It a meeting held in August, the leadership of the Central Arizona Chapter of the Association of Pool & Spa Professionals voted to break away from APSP and form a new organization.
The move still must gain the approval of the general membership.
In late spring, chapter leadership petitioned the national organization to become an affiliate, stating that the chapter had been underfunded for years and needed more control over the books. APSP National declined, but offered a loan of $25,000 to help the group until its APSP Regional Service Center was established. The Central Arizona board then resigned and scheduled the August meeting.
“I think we should take the driver’s seat. I’m tired of asking,” said Barb Eaton, vice president of Cal Plastering Co. in Phoenix, a chapter member.
Approximately 25 chapter members were present. When the vote came, they had three choices:
- Give APSP’s new reorganization a chance.
- Become an independent group.
- Form a new organization, with the intention of ultimately becoming an APSP affiliate.
The group chose the third option because many weren’t ready to give up on the national body. “We need to get together as a unified industry,” said recently resigned Chapter President Kevin Woodhurst. “But we need them to come to us and say, ‘We want you.’” John Mortensen, the former chapter president-elect who conducted the meeting, said that the leadership would canvas the remaining 82 member companies to see if there’s a consensus, then schedule another meeting in September to decide if a new organization would be truly viable.
They will first poll the “Big 5” builders in Phoenix: Shasta Pools & Spas; Paddock Pools, Patios and Spas; Presidential Pools and Spas; California Pools of Arizona; and Pacific Pools and Spas. The membership of those companies is crucial for financial viability. At press time, neither Shasta nor Paddock was prepared to comment about the possible secession. Tim Murphy, CEO of Presidential Pools and also a former chapter president, said his company would support the move.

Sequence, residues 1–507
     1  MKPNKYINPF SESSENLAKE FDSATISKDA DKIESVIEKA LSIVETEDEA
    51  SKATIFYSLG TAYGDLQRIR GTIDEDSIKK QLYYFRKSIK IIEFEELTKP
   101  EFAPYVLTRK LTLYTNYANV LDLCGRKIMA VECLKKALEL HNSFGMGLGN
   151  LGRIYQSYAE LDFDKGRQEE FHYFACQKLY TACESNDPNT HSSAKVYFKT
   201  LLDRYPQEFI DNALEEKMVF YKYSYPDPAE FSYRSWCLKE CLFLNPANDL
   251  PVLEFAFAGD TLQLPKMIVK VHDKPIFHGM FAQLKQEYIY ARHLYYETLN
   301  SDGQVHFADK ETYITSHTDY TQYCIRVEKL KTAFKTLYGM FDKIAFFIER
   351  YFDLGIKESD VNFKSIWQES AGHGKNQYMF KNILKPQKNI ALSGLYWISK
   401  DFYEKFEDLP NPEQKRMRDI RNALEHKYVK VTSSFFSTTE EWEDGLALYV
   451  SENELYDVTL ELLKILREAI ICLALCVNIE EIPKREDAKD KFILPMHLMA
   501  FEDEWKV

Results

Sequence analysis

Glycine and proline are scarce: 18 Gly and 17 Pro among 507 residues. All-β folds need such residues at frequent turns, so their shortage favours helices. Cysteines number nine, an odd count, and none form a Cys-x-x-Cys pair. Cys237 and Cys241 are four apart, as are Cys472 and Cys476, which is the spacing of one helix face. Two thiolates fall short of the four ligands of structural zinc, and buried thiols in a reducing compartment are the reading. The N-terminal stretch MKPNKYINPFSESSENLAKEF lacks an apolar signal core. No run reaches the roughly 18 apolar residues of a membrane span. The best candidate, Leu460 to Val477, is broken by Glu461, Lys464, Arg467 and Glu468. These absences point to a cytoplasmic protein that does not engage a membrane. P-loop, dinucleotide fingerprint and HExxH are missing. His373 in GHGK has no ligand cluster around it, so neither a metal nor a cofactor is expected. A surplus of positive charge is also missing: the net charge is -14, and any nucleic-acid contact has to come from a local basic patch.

Prior to the meeting, APSP sent a letter to its Phoenix area members regarding the unrest. It addressed the funding issue. “One of the major goals of this reorganization is to reallocate our limited resources from inactive chapters … to chapters, such as yours, who struggle to meet the needs of a very active chapter and local membership,” the letter stated.
The letter also reminded members that APSP is the largest national organization for the industry. “The more we stay united … the more influence we will have with those who write and enforce the laws that impact our businesses,” it stated.
APSP President/CEO Bill Weber said the national association is willing to regroup in the Phoenix area. “These are good people, but ultimately we have a responsibility to our members in the region, and we fully intend to [fulfill] that,” he said. “If it requires that we establish others to step up and help lead the APSP efforts out there, then we have no choice.”
In the meantime, he said, it will take time for a new organization to gain its legs. “I would hope that would allow us some more time to [show] them what we’ve been trying to demonstrate, that there’s really no need for this,” Weber said.